Having failed at that, let’s see the plan for tripling it. When that fails, let’s see a plan that might double it.
Pick a resource, pick a use rate, pick a sink rate, plot the curve.
I call BS on mankind quadrupling the CO2 level of the atmosphere on this planet.

August 30, 2016 12:48 pm

This study confirms that drought will intensify in many regions in the future

I didn’t see the confirmation part for this. How does it confirm? Rain wasn’t perfectly aligned with past El Nino events and usually occurs in the year following a peak in my humble experience, which only dates back to 1965 in CA. Is the data for this assertion presented elsewhere?

Joel O’Bryan
Reply to  Bartleby
August 30, 2016 12:59 pm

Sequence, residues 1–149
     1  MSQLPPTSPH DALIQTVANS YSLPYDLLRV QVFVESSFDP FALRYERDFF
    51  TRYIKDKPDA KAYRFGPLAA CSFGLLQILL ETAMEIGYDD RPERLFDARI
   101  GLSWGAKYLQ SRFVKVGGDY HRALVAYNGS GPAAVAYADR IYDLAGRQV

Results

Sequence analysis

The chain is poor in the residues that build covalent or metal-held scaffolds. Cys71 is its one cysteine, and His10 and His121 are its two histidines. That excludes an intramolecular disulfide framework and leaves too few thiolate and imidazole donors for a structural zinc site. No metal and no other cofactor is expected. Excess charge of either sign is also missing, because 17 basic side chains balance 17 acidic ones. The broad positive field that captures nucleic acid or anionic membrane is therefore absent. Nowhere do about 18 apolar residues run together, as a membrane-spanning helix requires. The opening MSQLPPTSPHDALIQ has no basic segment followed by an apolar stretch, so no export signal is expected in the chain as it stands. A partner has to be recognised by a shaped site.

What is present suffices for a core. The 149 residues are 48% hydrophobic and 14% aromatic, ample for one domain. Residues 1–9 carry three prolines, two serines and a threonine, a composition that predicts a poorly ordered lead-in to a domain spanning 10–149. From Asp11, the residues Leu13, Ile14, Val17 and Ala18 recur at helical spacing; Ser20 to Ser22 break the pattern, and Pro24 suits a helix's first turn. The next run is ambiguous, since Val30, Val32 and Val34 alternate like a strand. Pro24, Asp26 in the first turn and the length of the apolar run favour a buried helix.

Handwaving. No science needed.

Reply to  Joel O’Bryan
August 30, 2016 1:10 pm

Yes. Since when does observation rank as science anyway? Any moron with a bucket in his backyard could call himself a “scientist” if we put up with crap like that.
Real scientists have computers.

Joel O’Bryan
Reply to  Joel O’Bryan
August 30, 2016 1:16 pm

By handwaving, I meant them, not you.

Reply to  Joel O’Bryan
August 30, 2016 1:24 pm

Joel, sometimes including a “sarc” tag detracts from the irony, if you get what I mean?

Reply to  Joel O’Bryan
August 30, 2016 1:26 pm

🙂 Really. I was agreeing with you and thanking you for being on the right side. Sorry for the confusion.

Tom Harley
Reply to  Bartleby
August 30, 2016 7:40 pm

That would account for near record rains across Australia in the last few months, and still ongoing this week! Normal weather following strong El Ninos. Broome, in Australia’s Northwest, had their highest August rainfall in 97 years.

Reply to  Bartleby
August 31, 2016 9:42 pm

I thought a warmer world was a wetter world?
I sometimes fear that our grandchildren won’t know what sense is. (:-)